ACMA concludes 3D TV broadcast review, sets further guidelines

Regulator will continue to consider granting trial broadcasts on a case-by-case basis until the end of 2011
The ACMA Web site.

The ACMA Web site.

The Australian Communications and Media Authority (ACMA) has concluded a review of consumer, reception, interference and technical issues surrounding the broadcast of 3D TV in Australia. The Australian regulatory body has released a new set of guidelines for further trials of 3D TV broadcasting in Australia, which it will continue to consider and authorise on a case-by-case basis.

Should you buy a 3D TV? Have a look at our 3D TV buying guide.

Find a full list of our 3D TV reviews.

A media release on the ACMA Web site states the regulator's position on 3D TV broadcasts — that the transmissions are still in their infancy, and any further trials until the end of 2011 must be short-term and involve significant viewer awareness programs.

A statement from ACMA chairperson Chris Chapman mentions the necessity of educating the public while allowing trials to take place. "Providing appropriate safeguards are in place to protect consumers' interests, the ACMA will continue to facilitate industry’s deployment of 3D TV and other evolving technologies in the period to the end of 2011.

"The ACMA also decided that any further trials must be of a short duration, and broadcasters will be required to give the ACMA undertakings on measures that will assist consumers to understand that trial broadcasts are temporary and will only be available in a limited number of locations."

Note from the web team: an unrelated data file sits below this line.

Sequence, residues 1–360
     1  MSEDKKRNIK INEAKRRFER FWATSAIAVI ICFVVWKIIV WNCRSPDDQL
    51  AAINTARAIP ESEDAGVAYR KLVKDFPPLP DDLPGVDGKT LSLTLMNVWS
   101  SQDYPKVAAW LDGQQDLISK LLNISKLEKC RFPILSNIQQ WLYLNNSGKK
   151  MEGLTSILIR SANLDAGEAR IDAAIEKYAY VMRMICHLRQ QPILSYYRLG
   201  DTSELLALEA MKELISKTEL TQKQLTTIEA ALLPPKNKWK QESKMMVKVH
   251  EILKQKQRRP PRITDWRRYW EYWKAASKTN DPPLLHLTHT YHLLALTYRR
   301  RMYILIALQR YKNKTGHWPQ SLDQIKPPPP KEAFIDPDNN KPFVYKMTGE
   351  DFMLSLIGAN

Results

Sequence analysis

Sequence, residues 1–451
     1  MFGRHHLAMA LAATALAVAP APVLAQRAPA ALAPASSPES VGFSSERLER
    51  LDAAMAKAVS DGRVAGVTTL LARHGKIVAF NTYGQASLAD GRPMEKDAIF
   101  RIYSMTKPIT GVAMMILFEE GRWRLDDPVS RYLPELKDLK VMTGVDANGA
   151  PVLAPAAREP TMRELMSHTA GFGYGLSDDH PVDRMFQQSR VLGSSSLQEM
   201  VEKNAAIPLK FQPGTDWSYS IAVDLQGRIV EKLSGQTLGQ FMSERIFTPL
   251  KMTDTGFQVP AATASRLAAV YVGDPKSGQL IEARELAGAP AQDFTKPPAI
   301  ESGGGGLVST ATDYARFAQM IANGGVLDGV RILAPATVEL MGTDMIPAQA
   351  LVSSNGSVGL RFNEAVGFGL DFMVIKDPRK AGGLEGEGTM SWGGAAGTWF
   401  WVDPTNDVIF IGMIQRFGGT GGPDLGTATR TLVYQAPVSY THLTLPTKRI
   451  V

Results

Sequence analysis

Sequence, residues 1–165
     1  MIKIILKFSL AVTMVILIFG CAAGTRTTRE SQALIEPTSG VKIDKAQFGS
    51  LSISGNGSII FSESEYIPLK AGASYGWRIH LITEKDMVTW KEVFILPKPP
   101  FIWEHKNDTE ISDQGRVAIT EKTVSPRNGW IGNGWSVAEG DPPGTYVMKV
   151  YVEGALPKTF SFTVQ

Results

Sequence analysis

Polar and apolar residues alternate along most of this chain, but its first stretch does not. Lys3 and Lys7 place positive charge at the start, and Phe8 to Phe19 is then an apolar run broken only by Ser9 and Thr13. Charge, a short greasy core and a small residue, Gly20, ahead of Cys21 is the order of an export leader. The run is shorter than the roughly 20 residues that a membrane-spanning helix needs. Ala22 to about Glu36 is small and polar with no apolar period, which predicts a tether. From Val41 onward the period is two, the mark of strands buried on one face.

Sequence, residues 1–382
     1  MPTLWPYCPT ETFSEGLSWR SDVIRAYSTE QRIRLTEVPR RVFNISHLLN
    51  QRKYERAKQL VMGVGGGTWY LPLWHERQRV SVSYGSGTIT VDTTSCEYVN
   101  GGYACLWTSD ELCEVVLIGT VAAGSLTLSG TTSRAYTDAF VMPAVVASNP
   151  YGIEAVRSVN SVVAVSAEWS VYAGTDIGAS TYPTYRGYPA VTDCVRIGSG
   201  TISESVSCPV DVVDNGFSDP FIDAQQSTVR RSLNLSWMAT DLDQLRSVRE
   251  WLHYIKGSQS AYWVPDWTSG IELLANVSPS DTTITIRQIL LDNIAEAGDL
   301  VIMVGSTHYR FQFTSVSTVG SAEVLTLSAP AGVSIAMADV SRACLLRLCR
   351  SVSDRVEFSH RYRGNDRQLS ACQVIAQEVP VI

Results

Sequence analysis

The free broadcast spectrum space used to transmit the 3D TV trial channel, which was employed in 2010 for the State of Origin, the 2010 FIFA World Cup and both the AFL and NRL grand final matches and the AFL grand final rematch, only exists as a result of delays in the Australian switchover to digital TV. During the transition to digital TV a 'restacking' process will see spectrum allocations shuffled in order to free up space for wireless services, which will include the channel currently used to broadcast 3D TV trials. Later in 2011, the ACMA will review its approach to allocating the currently-empty spectrum space.

New procedures and guidelines for the transmission of 3D TV have been laid out on the ACMA Web site. A major consumer concern cited was the previous trials' lack of geographical coverage, despite the 3D TV trial channel spectrum being available throughout most of Australia. Retailers were also contacted by the ACCC for misrepresenting the availability and coverage of 3D test transmissions.

Until the ACMA reconsiders the 3D TV trial spectrum allocation later in 2011, it will continue to consider applications from broadcasters to show events in 3D. The new guidelines state trial broadcasts should generally be no longer than a month in length, with a clear break between separate trials. Broadcasters will also likely be required to run on-air advisories to educate consumers, and any partnered retailers must release information on the limited scope and length of the trials.

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Campbell Simpson

Campbell Simpson

PC World
Topics: home entertainment, 3d TV
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